The emulator assembly operates to provide the selected pedal response and feel through the push rod 30 even though the master cylinder pistons 20 and 21 are immovable. Optionally, the emulator assembly may be located remotely from the master cylinder. With such a stand alone embodiment, the variable chamber 28 may optionally contain air or other gas that is relieved to the atmosphere or an accumulator. The emulator assembly's elastomeric body 40 is a solid body of natural or synthetic rubber, or may be replaced with a variety of spring elements as are known in the art. Elastomeric body 40 includes a circular perimeter surface 76 that bears against the wall of longitudinal bore 48 in the present embodiment, with a space optionally provided between the circular perimeter surface and the wall of longitudinal bore 48. This will accommodate expansion of the body 40 in a radial direction, which may be preferable depending upon the response required at the pedal 10, for a given application. On a first side of the perimeter surface 76 the elastomeric body 40 has a curved surface 71 that bears against the end wall 78 of longitudinal bore 48. On a second side of the perimeter surface 76 the elastomeric body has a conical surface 72 with an end that bears against the post 54 of emulator piston 25.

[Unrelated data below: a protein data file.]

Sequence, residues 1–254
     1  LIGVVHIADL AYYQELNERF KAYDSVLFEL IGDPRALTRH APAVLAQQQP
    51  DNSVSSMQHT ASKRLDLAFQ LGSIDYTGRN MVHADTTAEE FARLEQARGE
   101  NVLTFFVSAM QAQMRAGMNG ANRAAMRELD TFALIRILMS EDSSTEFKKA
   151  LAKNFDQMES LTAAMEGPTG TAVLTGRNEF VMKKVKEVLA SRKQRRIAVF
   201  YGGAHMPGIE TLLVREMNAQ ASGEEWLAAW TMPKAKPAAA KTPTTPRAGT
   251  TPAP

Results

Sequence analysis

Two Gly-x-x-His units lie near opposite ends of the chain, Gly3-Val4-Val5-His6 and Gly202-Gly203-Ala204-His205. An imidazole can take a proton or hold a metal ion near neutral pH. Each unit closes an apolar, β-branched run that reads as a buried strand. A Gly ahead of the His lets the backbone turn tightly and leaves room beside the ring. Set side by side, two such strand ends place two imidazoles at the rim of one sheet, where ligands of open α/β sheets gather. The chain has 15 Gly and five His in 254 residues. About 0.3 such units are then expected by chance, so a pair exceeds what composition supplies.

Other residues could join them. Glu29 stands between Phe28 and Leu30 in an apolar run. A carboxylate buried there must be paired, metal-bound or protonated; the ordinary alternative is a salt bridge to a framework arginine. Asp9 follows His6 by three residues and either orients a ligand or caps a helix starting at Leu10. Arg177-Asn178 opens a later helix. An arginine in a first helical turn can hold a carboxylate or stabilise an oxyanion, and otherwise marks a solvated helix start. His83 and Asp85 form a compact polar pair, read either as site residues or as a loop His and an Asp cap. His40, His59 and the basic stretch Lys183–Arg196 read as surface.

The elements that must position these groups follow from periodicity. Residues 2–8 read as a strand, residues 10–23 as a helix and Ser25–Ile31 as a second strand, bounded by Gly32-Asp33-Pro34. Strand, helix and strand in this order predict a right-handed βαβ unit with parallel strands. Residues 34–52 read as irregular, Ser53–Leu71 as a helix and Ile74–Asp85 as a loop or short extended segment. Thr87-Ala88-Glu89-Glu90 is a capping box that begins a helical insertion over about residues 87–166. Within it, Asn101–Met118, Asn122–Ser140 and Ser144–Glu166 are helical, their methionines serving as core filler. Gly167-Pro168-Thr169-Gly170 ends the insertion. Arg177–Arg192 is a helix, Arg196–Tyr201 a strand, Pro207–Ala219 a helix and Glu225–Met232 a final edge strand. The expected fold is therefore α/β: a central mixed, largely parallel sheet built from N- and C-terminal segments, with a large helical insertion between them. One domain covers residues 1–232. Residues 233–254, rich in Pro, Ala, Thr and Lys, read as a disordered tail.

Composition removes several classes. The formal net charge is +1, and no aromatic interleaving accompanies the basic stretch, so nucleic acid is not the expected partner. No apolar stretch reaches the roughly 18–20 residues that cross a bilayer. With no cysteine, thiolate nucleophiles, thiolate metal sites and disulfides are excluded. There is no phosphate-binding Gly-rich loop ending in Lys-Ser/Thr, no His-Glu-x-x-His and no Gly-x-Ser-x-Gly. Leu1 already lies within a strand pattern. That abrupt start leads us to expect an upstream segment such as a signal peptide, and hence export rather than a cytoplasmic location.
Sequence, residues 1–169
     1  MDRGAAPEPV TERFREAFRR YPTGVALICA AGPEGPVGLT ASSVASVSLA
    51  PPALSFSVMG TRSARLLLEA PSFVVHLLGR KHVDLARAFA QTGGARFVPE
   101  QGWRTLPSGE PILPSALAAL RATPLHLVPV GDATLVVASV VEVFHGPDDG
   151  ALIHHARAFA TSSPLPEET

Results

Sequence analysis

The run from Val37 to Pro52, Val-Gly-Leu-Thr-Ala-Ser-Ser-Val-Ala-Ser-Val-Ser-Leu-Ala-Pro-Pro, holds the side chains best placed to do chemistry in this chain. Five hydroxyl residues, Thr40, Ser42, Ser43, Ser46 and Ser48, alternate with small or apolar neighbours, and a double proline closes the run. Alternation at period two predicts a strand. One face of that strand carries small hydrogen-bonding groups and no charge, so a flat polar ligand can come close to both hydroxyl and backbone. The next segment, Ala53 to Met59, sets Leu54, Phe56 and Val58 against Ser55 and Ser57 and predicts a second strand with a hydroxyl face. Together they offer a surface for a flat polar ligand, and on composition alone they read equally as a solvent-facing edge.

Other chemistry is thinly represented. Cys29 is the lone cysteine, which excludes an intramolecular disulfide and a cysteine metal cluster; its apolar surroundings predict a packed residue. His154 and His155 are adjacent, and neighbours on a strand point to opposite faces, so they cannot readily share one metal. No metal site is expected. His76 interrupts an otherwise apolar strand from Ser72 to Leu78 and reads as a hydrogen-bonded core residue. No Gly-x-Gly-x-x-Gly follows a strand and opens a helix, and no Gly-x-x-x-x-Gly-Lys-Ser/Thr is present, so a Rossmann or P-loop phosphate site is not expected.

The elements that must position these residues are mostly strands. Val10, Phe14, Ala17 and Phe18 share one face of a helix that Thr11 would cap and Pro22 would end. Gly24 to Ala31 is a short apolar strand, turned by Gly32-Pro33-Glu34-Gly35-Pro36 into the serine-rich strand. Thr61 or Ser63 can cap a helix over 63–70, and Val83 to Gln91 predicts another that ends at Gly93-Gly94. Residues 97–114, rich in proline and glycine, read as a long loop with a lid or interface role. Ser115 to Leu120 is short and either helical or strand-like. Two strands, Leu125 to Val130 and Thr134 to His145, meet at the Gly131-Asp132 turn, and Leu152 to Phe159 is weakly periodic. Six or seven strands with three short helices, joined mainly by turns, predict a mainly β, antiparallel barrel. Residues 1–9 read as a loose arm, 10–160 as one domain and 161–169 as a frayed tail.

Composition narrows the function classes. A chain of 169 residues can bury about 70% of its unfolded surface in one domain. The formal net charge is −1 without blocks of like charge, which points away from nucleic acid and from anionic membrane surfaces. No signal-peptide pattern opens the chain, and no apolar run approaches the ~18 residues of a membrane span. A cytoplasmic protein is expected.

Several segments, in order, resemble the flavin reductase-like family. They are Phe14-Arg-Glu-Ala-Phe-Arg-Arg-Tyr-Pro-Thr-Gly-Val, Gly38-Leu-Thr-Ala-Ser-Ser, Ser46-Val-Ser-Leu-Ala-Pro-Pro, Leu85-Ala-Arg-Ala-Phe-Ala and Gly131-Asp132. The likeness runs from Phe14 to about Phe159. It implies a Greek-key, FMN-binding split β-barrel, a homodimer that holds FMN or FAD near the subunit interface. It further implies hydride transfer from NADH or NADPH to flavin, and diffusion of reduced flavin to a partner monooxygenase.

The following description relates to operation of the present embodiment with the master cylinder isolated from the associated braking system. As the brake pedal 10 is applied, the post 25 moves toward the end wall 78 of longitudinal bore 48 reducing the size of variable chamber 28. Fluid is forced from the variable chamber 48 through the orifices 49 and slots 62. The orifices 49 and slots 62 are sized to provide a selected amount of resistance to fluid flow. This provides a manner of tailoring the response of the emulator assembly. As the variable chamber is reduced in size, the elastomeric body 40 is compressed between the post 25 and the end wall 78 and fluid is displaced into chamber 26, around seal 43 through intermediate chamber 23 and compensation port 69 into damping chamber 82. Fluid flow rate through this path is dependent upon the rate of apply at the brake pedal 10. When the apply rate is relatively slow, damping is not required and the fluid entering damping chamber 82 flows through the bore 87 and the flow restrictive orifice 86. The spring 84 keeps the damping piston 79 seated against the end wall 83 of bore 88, and the ball 91 prevents flow through the bore 88. Under slow apply rate conditions the pressure differential developed across the flow restrictive orifice is insufficient to move the damping piston 79 to compress the spring 84.